NASHUA — City officials and developer John Stabile celebrated the completion of a $1 million renovation project at the Jackson Falls Dam on Wednesday, which is expected to minimize future downtown flooding.
Seventy-four properties, in addition to the new Cotton Mill Square housing complex, are now eliminated from the 100-year floodplain zone in downtown Nashua because of the new crest gate built at the dam, said Stabile.
“They did a beautiful job,” Stabile said of H.L. Turner Group of Concord and various other entities that built the dam and helped obtain local, state and federal authorization for the project.
As part of Stabile’s Cotton Mill Square development, the adjustable crest gate for the 180-feet dam was constructed to decrease the water level of the Nashua River by about four feet during flooding, and remove the multi-million dollar housing complex from the floodplain.
Several months ago, the water level of the Nashua River was lowered to allow construction to begin on the new crest gate, which was recently completed.
“We got the job done on time, and a little bit over budget,” Stabile said Wednesday during a brief ribbon-cutting ceremony. “I never thought, in my career, that I could do something like this.”
Mayor Donnalee Lozeau joined Stabile at the Nashua River overlook behind the Nashua Public Library, cutting a gold ribbon and celebrating the completion of what she called a historical event for the city.
“Water is quite powerful and can create a lot of damage,” said Lozeau, explaining the dam can now be controlled electronically and adjusted when necessary to prevent costly flood damage to nearby homes.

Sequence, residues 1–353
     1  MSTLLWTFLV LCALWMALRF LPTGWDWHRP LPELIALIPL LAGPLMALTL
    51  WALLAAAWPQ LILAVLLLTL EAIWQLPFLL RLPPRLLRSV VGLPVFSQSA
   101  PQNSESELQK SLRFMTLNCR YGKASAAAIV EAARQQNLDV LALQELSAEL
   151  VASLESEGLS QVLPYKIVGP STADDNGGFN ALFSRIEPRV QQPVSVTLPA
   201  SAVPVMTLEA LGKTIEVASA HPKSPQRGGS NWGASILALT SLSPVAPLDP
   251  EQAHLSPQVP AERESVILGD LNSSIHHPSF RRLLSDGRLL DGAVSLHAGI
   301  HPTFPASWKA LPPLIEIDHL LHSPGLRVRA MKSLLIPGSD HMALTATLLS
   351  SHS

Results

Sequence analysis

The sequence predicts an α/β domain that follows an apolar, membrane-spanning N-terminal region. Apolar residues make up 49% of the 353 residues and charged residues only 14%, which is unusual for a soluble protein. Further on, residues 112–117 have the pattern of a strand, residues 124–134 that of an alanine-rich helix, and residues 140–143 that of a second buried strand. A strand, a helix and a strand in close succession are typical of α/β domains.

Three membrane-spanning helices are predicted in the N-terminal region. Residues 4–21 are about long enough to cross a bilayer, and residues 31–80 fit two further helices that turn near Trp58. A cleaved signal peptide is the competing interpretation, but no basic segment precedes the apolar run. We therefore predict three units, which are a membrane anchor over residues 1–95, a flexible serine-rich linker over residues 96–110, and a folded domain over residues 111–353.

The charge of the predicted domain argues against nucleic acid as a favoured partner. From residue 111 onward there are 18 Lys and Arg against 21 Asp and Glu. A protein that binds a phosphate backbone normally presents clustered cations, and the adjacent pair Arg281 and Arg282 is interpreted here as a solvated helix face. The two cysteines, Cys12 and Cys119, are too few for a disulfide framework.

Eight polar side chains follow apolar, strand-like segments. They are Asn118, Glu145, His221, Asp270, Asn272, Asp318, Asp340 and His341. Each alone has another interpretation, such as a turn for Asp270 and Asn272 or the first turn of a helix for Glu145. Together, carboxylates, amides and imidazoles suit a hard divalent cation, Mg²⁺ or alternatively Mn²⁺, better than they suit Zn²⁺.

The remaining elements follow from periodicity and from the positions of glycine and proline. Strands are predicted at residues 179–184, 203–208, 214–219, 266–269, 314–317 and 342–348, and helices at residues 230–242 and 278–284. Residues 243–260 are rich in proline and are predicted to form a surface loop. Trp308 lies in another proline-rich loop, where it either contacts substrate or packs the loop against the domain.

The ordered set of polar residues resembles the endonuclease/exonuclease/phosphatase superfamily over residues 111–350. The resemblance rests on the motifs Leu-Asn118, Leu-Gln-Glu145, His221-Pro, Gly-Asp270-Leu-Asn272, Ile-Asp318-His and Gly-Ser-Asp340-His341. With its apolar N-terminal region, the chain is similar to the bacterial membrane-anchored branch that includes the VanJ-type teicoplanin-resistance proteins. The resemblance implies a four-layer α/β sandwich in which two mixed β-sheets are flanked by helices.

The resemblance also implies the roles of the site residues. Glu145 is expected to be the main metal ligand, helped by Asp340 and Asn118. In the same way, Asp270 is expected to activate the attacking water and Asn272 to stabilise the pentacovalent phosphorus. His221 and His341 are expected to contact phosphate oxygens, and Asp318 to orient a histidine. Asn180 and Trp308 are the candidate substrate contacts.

The previous dam operated as a run-of-river dam, not a store-and-release dam. The new crest gate, however, uses a compressed air piping system and steel plate operation to inflate or deflate the gate automatically when warranted, coordinating with the rise and fall of the river, according to Stabile.
“It is really quite remarkable,” the mayor said of the new crest gate technology.
The Jackson Falls Dam is owned by the City of Nashua, but is currently leased to Nashua Hydro Associates until 2014.
Adjustments to the dam paved the way for the Cotton Mill Square project to begin, which includes the revitalization of a 108-year-old historic building on Front Street, about 100 apartment units, contamination cleanup and a riverwalk.
The $26 million mixed-income housing project by Stabile previously received approval from various state and federal agencies.
The seventh-floor of the housing complex was being painted on Wednesday, according to Stabile, who said the project is progressing quickly.
“We hope to have three floors occupied by the first week of April, and we will begin opening lease operations probably in the first week of January,” he said. “We have already had a great response.”
The Cotton Mill Square project was originally proposed in 2006, however it stalled because of the economy.
Once the eight-story building is complete, it will offer mixed-income housing with 55 affordable apartments and 54 market-rate apartments.